Strength training should be considered a good idea for endurance athletes over 40 and mandatory over 50. It’s not about whether it will directly make you a faster cyclist; it’s about preserving functional capacity so you are a more capable athlete and adult. The most effective version of strength training for endurance athletes is to lift heavier weights for low to moderate repetitions (6-10 reps) as opposed to lighter weights for higher repetitions (15+ reps). Your priority is high force production, not using resistance exercise as a cardiovascular or muscular endurance workout.
“Heavier”, of course, is relative. Any weight training should be appropriate for your level of fitness, experience, and joint health. I would not recommend jumping into excessively heavy weight lifting, but rather, would encourage athletes to prioritize moving to heavier lifts as part of their progression.
Mistake: Too Little Protein
We used to say, “If the fire is hot enough, anything will burn.” And when it comes to the white-hot metabolism of a 23-year-old elite cyclist that is reasonably true. As athletes get older, some of the physiological processes that drive adaptation get less efficient. Muscle protein synthesis (MPS) is one of them (read more on this). Athletes have elevated muscle protein synthesis rates because you are constantly remodeling muscle in response to exercise. After 50 and into your 60s and beyond, athletes benefit from increasing protein intake because your body is not as efficient at utilizing ingested protein for MPS.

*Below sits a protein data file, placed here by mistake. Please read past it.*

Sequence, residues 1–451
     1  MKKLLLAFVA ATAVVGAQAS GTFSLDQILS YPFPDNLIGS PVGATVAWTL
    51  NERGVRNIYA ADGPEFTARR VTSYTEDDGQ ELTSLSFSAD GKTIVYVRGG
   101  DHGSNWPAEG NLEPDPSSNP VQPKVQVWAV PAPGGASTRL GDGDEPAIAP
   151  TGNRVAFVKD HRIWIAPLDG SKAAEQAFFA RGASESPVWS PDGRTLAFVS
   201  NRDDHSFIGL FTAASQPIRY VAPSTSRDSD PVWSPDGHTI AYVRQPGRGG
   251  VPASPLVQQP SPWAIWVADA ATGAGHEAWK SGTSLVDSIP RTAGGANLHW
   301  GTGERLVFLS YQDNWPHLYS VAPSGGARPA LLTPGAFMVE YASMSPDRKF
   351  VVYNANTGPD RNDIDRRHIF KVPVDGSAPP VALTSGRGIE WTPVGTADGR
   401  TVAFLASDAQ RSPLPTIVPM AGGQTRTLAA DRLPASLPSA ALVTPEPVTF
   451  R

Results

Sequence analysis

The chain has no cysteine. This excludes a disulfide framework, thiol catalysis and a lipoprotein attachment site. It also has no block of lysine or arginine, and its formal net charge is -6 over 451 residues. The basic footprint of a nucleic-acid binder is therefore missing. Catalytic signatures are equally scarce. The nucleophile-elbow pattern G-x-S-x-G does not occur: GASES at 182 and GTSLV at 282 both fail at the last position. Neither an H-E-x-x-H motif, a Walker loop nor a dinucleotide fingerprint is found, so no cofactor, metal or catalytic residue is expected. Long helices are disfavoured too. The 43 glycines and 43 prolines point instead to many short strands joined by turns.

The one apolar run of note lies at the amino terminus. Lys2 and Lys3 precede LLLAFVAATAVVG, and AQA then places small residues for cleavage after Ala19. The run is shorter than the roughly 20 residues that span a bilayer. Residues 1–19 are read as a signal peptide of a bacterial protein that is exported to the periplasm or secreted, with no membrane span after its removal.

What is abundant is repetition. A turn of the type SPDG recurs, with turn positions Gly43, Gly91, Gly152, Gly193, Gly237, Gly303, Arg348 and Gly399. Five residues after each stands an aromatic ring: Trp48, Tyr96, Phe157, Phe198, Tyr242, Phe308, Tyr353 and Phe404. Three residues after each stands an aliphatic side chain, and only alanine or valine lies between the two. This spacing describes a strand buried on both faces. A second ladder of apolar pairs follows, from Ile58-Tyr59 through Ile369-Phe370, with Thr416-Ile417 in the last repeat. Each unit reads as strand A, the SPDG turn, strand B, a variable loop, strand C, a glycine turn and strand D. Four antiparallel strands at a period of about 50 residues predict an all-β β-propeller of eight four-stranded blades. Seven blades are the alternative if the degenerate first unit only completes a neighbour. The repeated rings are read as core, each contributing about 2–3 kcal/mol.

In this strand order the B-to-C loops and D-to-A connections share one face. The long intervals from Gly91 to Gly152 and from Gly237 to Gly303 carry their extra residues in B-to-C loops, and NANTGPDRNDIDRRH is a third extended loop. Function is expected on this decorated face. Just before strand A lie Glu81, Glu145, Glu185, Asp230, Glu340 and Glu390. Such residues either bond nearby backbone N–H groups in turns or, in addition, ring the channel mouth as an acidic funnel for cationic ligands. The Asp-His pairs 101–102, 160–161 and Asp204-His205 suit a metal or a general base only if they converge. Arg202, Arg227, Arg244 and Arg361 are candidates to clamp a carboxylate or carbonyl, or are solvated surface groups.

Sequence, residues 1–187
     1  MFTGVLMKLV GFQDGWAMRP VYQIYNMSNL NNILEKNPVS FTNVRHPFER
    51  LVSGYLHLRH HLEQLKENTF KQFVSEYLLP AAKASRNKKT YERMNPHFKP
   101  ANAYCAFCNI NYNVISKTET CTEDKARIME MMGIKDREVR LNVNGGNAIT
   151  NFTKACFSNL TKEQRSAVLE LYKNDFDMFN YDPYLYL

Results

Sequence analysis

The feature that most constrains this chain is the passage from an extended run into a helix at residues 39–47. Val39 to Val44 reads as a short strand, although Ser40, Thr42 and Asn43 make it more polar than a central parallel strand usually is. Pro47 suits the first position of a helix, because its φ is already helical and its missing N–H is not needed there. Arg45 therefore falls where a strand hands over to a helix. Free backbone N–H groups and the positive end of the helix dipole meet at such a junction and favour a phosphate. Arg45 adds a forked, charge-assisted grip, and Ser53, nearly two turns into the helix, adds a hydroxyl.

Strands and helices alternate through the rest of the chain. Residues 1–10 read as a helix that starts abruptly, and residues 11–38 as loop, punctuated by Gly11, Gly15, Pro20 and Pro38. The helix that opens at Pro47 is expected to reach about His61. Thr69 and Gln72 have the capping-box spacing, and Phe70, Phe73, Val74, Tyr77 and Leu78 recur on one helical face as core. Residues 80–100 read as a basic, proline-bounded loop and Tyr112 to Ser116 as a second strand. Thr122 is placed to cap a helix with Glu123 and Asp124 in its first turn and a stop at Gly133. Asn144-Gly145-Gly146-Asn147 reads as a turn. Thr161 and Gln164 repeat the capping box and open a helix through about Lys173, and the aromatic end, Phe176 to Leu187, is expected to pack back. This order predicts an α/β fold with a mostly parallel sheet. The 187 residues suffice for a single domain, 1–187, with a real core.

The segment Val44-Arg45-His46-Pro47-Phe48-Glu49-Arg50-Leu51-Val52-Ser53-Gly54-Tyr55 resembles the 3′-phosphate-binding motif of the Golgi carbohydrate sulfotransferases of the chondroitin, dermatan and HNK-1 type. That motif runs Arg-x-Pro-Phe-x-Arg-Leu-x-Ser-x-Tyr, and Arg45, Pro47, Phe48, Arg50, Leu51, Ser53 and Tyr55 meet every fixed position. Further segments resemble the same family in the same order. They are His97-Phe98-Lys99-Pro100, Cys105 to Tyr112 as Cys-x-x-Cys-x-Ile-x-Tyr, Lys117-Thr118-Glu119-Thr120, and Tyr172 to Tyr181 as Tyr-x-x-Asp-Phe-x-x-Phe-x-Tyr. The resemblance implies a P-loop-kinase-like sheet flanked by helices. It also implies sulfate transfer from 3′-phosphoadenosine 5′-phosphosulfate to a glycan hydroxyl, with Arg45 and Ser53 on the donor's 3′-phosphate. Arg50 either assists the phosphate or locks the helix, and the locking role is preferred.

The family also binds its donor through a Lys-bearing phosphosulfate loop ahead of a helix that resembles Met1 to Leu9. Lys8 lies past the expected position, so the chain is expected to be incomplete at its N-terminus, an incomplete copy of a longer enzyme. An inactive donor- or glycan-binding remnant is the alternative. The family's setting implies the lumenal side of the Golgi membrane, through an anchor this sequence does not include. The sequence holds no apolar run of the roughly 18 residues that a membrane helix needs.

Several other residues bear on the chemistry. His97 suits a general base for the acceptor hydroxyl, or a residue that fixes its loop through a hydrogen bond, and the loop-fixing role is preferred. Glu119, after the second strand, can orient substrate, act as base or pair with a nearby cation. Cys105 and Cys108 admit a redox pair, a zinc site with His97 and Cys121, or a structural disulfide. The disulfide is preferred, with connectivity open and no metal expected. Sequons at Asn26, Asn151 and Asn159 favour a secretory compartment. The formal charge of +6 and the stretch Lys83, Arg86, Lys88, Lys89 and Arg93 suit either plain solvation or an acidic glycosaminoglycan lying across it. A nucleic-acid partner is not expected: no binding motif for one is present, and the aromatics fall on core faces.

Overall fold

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You don’t need to go overboard; you just want to be conscious to include protein in roughly 40-gram servings throughout the day and before bed (as opposed to in one or two massive protein servings) to a total of 1.8-2.0 grams of protein per kilogram of bodyweight per day. This is slightly higher than the 1.4-1.8 g/kg/day generally recommended for endurance athletes.
Mistake: Too Little Sleep
When you’re fighting an uphill battle to create and retain positive physiological adaptations, you want to leverage advantages wherever you can. Sleep is a huge opportunity for masters and grand masters because that’s when your natural human growth hormone production is highest. Optimizing your sleep by adding hours and taking steps to reduce sleep disturbances (make the room cool, dark, and quiet) will help increase the effectiveness of everything mentioned above.
Masters and Grand Masters make up the bulk of the athletes who work with CTS Coaches. One of the biggest lessons we’ve learned over the past 21 years is that the positive effects of great training, recovery, and nutrition behaviors have the potential to mitigate or even outweigh the gradual decline in maximum performance capacity. For the vast majority of athletes – at any age – there is still room for improvement.
By Chris Carmichael,
Founder and CTS Chief Endurance Officer